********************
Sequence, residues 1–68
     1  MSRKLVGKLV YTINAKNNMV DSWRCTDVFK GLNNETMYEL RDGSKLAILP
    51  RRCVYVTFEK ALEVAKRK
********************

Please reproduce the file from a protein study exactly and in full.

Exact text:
Sequence, residues 1–68
     1  MSRKLVGKLV YTINAKNNMV DSWRCTDVFK GLNNETMYEL RDGSKLAILP
    51  RRCVYVTFEK ALEVAKRK